An Alpine Idyll (Hemingway)

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An Alpine Idyll
Summary of the Short Story
Microsummary: Two friends returned from a skiing trip and encountered a peasant who had just buried his wife, who died months ago, and learned about his disturbing treatment of her corpse.

Two friends, John and the narrator, came down from a month-long skiing trip in the Silvretta mountains and arrived at a small town called Galtur. They were tired of the sun and the snow and were glad to be back in the valley.

The Narrator — narrator; one of the two friends returning from a skiing trip; tired of the sun and skiing.
John — the narrator's friend; also returning from the skiing trip; missed drinking beer during their time in the mountains.

As they passed the churchyard, they saw a funeral had just ended. They greeted the priest, but he did not respond. At the inn, they drank beer and read their mail. A bearded peasant, who they had seen earlier at the funeral, entered with the sexton.

The Peasant — bearded man in high boots; buried his wife after months of her death; treated her corpse in a disturbing manner.
The Sexton — little man with a mustache; involved in the burial of the peasant's wife; amused by the situation.

The peasant ordered schnapps and red wine, and after paying for the drinks, he left. The innkeeper and the sexton then joined John and the narrator, and the innkeeper began to tell them a story about the peasant.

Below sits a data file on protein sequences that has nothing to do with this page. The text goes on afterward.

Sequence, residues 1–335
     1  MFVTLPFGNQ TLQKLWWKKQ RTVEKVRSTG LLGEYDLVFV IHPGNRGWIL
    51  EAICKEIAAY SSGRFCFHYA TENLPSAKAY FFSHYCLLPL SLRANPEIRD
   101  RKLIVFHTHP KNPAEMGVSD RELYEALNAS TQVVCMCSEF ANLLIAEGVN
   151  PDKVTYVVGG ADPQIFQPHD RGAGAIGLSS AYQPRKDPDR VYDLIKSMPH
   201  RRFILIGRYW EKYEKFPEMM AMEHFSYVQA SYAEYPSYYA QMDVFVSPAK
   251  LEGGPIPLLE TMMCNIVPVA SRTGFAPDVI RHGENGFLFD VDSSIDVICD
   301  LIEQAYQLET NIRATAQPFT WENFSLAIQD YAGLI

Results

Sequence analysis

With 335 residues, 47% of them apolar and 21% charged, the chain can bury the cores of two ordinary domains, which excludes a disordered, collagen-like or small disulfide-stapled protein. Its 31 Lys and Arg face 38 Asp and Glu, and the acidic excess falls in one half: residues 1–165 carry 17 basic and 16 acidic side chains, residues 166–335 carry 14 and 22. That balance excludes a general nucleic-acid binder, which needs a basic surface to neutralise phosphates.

The Innkeeper — tall, old man; owner of the inn where the friends stayed; disapproving of the peasant's actions.

These peasants are beasts. You wouldn’t believe it. You wouldn’t believe what just happened about that one.

The peasant's wife had died in December, but he could not bring her body to the town for burial until the snow had melted. When the priest saw the woman's face, he was suspicious and questioned the peasant about her death. The peasant explained that after his wife died, he had stored her body in a shed and used her open mouth to hang a lantern while he worked at night.

When she died I made the report to the commune and I put her in the shed across the top of the big wood.

The priest was shocked and asked if the peasant had loved his wife, to which he replied that he did. The innkeeper and the sexton found the story amusing, but also thought that the peasant was a beast for treating his wife's body in such a manner. After the story, John and the narrator decided to order food at the inn.